Prime Minister Narendra Modi is not given to gushing, least of all about a journalist. But he outdid himself last week when he waxed eloquent about how television personality Rajat Sharma—a man who had no electricity in his home when he was growing up—was an example of how far people can come in this country. Modi talked of how remarkably different Sharma’s interviewing style was from that of other journalists, how consistent Sharma’s behaviour with politicians was, and how grateful he himself was for a chance to thank a man who gave him such a terrific platform when he was fighting an election.

Two enduring media personalities were in focus last fortnight and it is tempting to use their respective career trajectories to understand the limits of journalistic possibility in contemporary India. Sharma celebrated the 21st anniversary of his signature show Aap ki Adalat with an eye-popping cast of attendees which included not just the Prime Minister but also the President, Pranab Mukherjee. And Shekhar Gupta featured as a cover story in Caravan magazine that tracked his professional ascent, while seeming to try and validate the many elements of gossip which swirls around him and his recent career shifts.

Sharma is both the owner and the face of India TV, which he launched in 2004. Gupta moved on earlier this year after 19 years of helming the Indian Express as editor-in-chief, is now associated with India Today as an adviser, and has just launched his own multimedia venture.

Then there is a third figure who was revived in our consciousness by the profile of him, also in Caravan’s year-end media issue. A tenacious entrepreneur-turned-kingmaker Ramoji Rao’s media legacy is deeper, wider and more controversial than that of the other two. He founded the 30-year-old Eenadu empire, part of which has now gone to Reliance Industries Ltd. But it is in the nature of our social media obsessions that neither Sharma nor Rao trigger much excitement. It was the piece on Shekhar Gupta that predictably had Twitter agog.

All three had what you might call ordinary or humble beginnings. Ramoji Rao unlike Sharma or Gupta isn’t given to doing much talking but the two journalists flaunt the fact that they are self-made and that the country makes stories such as theirs possible.

One takeaway from the lives of these men is the role of entrepreneurship in their ascent and in the kind of influence they wield. Sharma launched Aap ki Adalat on Zee TV but then mobilized the resources to launch his own channel by 2004. There were ups and downs in establishing it but he was very pragmatic about going with what worked, be it sting operations of sex escapades, or stories on the supernatural. It was a tabloid news channel.

He did not just establish it, he also built an impressive office tower in Noida for India TV.

Rao began with chit funds and then progressed through an advertising start-up and a fertilizer company before venturing into publishing with a magazine for farmers, and then launching the newspaper Eenadu. He thought like a businessman, and pioneered local advertising, and eventually local editions. The multiple-edition Hindi newspapers in the country learned from him.

Gupta has until recently been an employee, albeit one with a substantial personal stake in Express Newspapers (Bombay) Ltd. Despite Caravan’s focus on his real estate acquisitions, his assets are scarcely comparable with the two other entrepreneurs mentioned here. Yet he was the man identified with the Indian Express in public perception, not the owners. Ultimately though, the platform was not his to retain. That is also true of his extremely brief stint at India Today as vice-chairman and editor-in-chief. If you don’t own your media platform the influence you wield can be transient. But if you are a sharp journalist another platform will come your way. Gupta returns to NDTV to resume his talk show. More importantly he is now set to become an entrepreneur, having acquired assets and allies.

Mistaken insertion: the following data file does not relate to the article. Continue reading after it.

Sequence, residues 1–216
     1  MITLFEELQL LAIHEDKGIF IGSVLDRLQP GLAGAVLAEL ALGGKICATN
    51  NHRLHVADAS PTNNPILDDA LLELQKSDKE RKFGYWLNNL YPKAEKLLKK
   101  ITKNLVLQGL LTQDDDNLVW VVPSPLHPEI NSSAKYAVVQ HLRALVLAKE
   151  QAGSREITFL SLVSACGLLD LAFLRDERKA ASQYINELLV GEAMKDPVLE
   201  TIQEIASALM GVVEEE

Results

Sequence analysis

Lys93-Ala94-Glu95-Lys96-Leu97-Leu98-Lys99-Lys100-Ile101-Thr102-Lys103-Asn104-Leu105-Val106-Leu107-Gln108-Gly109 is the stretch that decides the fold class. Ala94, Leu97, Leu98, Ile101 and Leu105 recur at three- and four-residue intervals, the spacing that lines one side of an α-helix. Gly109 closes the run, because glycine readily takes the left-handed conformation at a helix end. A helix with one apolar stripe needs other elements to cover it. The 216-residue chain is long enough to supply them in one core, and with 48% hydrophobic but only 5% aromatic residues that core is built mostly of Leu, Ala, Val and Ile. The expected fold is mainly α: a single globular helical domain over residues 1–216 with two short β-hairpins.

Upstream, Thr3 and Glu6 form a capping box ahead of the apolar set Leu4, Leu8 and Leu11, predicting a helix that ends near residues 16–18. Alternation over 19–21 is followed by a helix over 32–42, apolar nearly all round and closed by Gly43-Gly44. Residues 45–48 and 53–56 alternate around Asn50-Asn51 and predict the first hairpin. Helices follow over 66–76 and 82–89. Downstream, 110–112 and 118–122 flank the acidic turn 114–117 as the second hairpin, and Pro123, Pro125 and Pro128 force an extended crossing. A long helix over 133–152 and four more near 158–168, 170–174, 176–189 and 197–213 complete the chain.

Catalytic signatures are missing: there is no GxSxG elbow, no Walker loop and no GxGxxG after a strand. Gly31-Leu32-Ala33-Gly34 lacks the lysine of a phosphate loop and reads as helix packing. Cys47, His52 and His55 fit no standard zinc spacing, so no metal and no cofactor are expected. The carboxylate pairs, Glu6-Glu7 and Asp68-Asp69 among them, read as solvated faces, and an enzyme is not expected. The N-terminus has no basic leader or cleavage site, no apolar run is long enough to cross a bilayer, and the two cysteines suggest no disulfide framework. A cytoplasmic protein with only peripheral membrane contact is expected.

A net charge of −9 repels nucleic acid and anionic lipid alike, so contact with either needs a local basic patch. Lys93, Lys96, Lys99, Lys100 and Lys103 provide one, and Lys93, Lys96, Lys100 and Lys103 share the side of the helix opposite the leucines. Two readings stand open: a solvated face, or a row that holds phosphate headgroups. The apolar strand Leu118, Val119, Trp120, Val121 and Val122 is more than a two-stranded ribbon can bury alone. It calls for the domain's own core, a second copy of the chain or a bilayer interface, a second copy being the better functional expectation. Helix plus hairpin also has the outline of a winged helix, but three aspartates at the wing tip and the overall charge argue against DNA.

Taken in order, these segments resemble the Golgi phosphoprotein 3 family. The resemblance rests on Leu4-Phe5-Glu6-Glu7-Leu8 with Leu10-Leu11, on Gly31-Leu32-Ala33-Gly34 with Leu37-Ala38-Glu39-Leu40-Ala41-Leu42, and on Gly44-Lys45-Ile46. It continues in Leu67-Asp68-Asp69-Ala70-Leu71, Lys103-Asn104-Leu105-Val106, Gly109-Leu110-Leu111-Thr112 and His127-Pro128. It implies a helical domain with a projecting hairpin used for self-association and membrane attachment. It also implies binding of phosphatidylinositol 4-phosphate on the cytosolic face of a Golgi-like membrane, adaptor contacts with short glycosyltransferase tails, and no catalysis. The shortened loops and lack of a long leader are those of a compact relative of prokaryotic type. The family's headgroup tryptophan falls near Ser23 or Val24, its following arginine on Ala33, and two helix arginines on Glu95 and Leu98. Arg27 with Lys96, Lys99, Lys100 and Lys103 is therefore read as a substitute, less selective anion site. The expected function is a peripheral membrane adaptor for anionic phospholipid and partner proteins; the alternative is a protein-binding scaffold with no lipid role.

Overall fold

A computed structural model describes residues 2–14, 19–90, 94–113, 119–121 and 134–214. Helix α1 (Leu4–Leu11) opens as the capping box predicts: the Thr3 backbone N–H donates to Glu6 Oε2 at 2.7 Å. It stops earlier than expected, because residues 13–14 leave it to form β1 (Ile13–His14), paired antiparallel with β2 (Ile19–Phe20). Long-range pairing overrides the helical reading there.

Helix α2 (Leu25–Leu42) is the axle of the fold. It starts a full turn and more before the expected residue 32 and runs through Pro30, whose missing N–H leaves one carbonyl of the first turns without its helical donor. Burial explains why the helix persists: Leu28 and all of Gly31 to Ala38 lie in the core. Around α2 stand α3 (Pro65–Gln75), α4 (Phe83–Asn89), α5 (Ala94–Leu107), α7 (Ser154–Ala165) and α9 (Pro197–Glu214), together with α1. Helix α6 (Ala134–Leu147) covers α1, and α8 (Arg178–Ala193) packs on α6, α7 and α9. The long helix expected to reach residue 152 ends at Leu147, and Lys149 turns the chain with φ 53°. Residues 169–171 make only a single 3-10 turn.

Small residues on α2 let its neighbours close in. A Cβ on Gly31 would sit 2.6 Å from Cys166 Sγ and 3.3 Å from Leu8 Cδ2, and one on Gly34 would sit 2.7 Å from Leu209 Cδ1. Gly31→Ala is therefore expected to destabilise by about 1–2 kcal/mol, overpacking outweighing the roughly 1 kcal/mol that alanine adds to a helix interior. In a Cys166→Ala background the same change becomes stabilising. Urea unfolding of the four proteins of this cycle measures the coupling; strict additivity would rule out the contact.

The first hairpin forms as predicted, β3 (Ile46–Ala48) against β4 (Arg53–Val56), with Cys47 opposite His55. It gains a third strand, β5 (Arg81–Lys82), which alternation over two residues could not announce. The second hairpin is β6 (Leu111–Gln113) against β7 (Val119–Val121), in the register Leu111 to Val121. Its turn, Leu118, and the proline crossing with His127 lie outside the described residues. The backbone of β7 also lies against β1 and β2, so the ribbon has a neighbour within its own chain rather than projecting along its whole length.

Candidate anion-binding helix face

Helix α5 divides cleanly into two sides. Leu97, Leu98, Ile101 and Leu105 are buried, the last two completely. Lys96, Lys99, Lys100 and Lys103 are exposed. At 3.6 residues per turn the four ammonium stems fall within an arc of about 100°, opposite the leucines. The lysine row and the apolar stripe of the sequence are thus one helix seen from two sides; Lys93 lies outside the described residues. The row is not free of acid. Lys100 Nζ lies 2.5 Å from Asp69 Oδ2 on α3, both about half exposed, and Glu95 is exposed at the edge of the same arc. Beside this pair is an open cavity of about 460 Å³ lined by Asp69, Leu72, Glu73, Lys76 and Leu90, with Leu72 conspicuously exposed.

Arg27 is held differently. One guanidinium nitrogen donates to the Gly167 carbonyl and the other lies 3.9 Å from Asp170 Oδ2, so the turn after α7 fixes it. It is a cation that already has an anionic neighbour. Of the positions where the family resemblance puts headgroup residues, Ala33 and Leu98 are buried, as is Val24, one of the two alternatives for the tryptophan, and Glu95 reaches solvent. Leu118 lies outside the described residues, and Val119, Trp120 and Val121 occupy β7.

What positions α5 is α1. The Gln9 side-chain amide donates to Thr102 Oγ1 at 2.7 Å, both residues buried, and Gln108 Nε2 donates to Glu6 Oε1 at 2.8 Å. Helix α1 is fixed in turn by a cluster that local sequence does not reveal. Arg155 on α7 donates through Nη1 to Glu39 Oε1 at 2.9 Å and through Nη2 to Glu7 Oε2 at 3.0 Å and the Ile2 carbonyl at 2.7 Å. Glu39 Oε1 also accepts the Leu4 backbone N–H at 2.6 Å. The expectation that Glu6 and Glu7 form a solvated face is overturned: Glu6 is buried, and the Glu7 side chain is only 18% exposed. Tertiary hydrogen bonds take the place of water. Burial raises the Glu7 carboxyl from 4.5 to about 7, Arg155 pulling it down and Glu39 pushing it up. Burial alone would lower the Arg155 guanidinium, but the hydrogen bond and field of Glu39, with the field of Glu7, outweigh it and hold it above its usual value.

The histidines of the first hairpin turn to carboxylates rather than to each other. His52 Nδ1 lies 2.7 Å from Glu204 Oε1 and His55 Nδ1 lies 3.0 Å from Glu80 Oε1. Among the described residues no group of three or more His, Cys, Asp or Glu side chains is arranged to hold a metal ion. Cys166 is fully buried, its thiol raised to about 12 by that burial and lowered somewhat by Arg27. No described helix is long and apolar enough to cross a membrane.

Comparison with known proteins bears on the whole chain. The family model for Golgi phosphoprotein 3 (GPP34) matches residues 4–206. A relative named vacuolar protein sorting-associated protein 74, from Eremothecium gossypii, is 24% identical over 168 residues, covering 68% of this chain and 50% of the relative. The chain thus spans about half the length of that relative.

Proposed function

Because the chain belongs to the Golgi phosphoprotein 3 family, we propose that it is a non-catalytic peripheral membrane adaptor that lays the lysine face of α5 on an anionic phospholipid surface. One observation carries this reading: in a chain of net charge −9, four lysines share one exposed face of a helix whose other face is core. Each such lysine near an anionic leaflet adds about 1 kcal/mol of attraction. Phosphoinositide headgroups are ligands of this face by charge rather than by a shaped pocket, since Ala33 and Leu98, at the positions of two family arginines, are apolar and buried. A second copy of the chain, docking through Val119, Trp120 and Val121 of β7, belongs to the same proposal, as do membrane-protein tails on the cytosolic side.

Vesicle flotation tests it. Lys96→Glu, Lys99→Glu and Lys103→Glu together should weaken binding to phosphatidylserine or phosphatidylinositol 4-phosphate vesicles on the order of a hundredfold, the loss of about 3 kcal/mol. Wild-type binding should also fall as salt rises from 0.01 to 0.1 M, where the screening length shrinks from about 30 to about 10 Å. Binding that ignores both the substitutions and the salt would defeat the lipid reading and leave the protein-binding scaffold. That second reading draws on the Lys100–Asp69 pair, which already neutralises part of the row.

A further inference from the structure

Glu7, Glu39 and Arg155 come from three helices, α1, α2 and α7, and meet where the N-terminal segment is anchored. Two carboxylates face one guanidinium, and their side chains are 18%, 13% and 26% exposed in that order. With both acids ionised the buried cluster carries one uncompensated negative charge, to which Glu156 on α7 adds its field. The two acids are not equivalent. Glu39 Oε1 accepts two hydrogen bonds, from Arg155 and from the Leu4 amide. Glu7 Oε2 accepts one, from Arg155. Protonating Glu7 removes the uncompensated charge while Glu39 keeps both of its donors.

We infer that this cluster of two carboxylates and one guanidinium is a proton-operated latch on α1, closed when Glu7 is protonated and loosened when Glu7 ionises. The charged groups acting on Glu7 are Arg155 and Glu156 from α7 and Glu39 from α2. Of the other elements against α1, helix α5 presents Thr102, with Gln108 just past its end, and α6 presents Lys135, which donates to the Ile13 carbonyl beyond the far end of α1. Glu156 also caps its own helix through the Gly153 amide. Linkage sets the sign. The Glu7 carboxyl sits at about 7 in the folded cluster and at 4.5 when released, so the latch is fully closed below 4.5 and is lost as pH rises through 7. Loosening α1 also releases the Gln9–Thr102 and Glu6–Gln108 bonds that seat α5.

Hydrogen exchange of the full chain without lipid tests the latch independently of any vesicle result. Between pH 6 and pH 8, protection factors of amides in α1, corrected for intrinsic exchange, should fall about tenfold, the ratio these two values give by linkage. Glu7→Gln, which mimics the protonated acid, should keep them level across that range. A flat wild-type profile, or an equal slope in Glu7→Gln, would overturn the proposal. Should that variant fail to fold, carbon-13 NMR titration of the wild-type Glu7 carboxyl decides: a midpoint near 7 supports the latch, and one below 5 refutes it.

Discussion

Then there is the relationship with politicians as an ingredient in perceived influence. Arun Jaitley has been a friend of Sharma from college days, and there is the long and strong relationship he has with Narendra Modi. When the United Progressive Alliance was in power, Shekhar Gupta’s personal friendship with the Gandhis was constantly chattered about in Delhi gossip circles. In Andhra Pradesh, Ramoji Rao’s closeness to the Telugu Desam Party and his contribution to its ascent and consolidation are part of media history. But the first two were primarily newsmen as well, building the platforms they had to feature people across the political spectrum. A journalist who has influence primarily because of his closeness to politicians may find a seat in the Rajya Sabha, but these two went much further because they gave achievers a credible platform.

And conversely, does a media entrepreneur who chooses to ally himself with one part of the political spectrum retain his influence when the party he favours is not in power? Or does he pay a price? Ramoji Rao certainly did when Congressman Y.S. Rajasekhara Reddy succeeded Chandrababu Naidu of the Telugu Desam as chief minister in Andhra Pradesh.

The Caravan profile talks of the hard-nosed ambition it takes to achieve proximity to power, Gupta’s belief in people as an investment, and so on. That would be true of not just Gupta, but of Sharma and Rao.

When a successful media person is also seen to be using political and business contacts as the currency of power, antipathy and envy begin to colour assessments and responses.

Sevanti Ninan is a media critic, author and editor of the media watch website thehoot.org. She examines the larger issues related to the media in a fortnightly column.

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